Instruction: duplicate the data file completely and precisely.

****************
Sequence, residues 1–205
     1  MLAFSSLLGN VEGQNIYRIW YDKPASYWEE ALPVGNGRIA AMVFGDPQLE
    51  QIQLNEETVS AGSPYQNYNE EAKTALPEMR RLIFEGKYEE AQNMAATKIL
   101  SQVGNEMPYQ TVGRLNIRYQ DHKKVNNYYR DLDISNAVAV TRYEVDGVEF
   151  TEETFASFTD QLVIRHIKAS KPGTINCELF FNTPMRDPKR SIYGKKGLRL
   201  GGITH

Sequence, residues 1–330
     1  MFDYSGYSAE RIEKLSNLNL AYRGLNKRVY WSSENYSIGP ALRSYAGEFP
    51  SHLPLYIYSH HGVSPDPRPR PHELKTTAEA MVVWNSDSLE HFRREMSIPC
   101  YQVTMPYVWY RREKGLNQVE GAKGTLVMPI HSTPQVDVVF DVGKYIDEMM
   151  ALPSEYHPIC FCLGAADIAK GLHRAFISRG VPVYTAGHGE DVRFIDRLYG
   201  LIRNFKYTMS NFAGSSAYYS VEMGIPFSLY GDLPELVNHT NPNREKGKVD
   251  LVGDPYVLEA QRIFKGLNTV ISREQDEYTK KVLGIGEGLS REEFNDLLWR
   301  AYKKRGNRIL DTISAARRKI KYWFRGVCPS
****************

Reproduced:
Sequence, residues 1–205
     1  MLAFSSLLGN VEGQNIYRIW YDKPASYWEE ALPVGNGRIA AMVFGDPQLE
    51  QIQLNEETVS AGSPYQNYNE EAKTALPEMR RLIFEGKYEE AQNMAATKIL
   101  SQVGNEMPYQ TVGRLNIRYQ DHKKVNNYYR DLDISNAVAV TRYEVDGVEF
   151  TEETFASFTD QLVIRHIKAS KPGTINCELF FNTPMRDPKR SIYGKKGLRL
   201  GGITH

Sequence, residues 1–330
     1  MFDYSGYSAE RIEKLSNLNL AYRGLNKRVY WSSENYSIGP ALRSYAGEFP
    51  SHLPLYIYSH HGVSPDPRPR PHELKTTAEA MVVWNSDSLE HFRREMSIPC
   101  YQVTMPYVWY RREKGLNQVE GAKGTLVMPI HSTPQVDVVF DVGKYIDEMM
   151  ALPSEYHPIC FCLGAADIAK GLHRAFISRG VPVYTAGHGE DVRFIDRLYG
   201  LIRNFKYTMS NFAGSSAYYS VEMGIPFSLY GDLPELVNHT NPNREKGKVD
   251  LVGDPYVLEA QRIFKGLNTV ISREQDEYTK KVLGIGEGLS REEFNDLLWR
   301  AYKKRGNRIL DTISAARRKI KYWFRGVCPS